Based on the playful surrealist tale by Dr Seuss, The Cat in the Hat tells the story of an exuberant human size feline (Mike Myers) who lives in a hat. For 78 minutes, first time director Bo Welch and his team of three writers could not afford the effort of adding anything more to the famous story other than is encapsulated in the film’s title. A tenuous plot is only one of its imperfections.
Joan (Kelly Preston) has two rather mischievous offsprings. Conrad (Spencer Breslin) is a spontaneous and adventurous boy, while his sister Sally (Dakota Fanning) is the antithesis, meditated and authoritative. One day Joan is called into work when a cat appears behind the children. Of course it is no ordinary cat, it’s the size of a man – and speaks rather oddly in a vaguely Scouse accent.
The children sign a contract stating that they must have unlimited fun. Two very sinister things called Thing 1 and Thing 2, who do the very opposite of what they are told, trash the house. It becomes a race against time to clean up before Joan arrives home from work to host a house party for her boss. And it doesn’t try to be anymore confusing that that.
Unfortunately for the director and the actors concerned, the film is more memorable for the vivid sets than any attempt at stimulating children’s imagination or inspiring creative thought through intriguing stories. The brightly painted sets and costumes are often mesmerising and would certainly attract children’s attention. For the most part, Mike Myers gives a hammy performance and is only occasionally funny. But a once slender Alec Baldwin offers some amusing moments as Lawrence, Joan’s boyfriend.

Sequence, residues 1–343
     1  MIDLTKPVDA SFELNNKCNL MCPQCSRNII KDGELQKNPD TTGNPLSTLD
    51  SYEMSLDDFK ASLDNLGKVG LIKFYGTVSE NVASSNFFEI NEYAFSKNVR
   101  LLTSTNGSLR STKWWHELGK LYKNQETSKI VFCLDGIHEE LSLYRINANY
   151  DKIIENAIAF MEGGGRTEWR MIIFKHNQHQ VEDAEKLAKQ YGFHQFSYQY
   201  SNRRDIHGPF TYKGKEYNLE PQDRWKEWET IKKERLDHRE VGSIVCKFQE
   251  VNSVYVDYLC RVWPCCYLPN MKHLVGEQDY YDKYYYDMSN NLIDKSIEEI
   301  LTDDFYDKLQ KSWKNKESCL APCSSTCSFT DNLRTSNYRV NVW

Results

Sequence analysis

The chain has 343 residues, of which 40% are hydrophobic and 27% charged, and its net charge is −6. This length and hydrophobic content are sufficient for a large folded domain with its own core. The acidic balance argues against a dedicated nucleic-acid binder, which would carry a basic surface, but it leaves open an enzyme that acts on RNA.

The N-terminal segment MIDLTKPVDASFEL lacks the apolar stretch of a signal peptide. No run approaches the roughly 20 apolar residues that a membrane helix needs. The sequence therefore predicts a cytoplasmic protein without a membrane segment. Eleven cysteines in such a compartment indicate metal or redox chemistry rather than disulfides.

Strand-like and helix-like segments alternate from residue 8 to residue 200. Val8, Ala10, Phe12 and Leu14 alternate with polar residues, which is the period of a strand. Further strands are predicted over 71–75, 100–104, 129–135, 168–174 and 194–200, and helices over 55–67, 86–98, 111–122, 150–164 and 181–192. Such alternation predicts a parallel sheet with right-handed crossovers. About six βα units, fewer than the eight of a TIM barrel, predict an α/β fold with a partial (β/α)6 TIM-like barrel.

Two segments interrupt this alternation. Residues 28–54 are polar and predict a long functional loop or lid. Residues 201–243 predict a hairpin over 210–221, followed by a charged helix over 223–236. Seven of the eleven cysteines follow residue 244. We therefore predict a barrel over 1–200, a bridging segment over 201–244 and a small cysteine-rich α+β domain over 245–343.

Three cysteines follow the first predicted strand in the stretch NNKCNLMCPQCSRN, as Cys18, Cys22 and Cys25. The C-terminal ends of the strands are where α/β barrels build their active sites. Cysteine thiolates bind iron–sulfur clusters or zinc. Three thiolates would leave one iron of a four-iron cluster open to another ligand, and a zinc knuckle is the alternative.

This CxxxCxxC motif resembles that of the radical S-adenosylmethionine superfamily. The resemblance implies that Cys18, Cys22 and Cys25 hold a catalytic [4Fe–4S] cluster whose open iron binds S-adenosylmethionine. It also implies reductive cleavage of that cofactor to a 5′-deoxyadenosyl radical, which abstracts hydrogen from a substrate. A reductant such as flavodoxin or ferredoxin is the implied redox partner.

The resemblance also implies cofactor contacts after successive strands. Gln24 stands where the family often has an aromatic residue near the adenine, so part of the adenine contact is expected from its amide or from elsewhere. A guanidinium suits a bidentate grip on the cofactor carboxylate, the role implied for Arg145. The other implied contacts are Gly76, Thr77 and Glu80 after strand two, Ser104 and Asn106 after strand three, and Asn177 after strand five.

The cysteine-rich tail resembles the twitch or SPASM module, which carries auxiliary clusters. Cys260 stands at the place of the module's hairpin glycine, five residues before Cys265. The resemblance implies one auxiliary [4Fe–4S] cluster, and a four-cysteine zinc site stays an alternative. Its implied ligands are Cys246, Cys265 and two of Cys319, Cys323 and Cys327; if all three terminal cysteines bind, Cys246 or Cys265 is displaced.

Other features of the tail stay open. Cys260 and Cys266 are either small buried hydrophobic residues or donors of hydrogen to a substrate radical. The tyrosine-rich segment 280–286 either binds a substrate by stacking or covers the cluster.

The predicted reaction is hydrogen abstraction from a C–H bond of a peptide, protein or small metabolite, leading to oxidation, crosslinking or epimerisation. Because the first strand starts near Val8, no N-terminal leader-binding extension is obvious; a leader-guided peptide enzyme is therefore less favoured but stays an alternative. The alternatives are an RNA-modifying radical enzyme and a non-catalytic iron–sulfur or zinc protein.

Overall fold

Thus far, the film has received harsh criticism for its inappropriate toilet gags and sexual innuendo. Like The Simpsons – which suffers similar complaints – there are astute observations of the American suburbs and the middle class families who occupy them. There is a subtle hint of irony in the humour. It would have been beneficial and far more thought provoking had this avenue of comedy been explored thoroughly.
The Cat in the Hat is entertaining to a point. Unfortunately, the minimal amount of merit it receives cannot outweigh the feeble plot, the ridiculously short running time and the superficial humour. It would be much more engrossing to read the book, because ultimately this is a vacant film.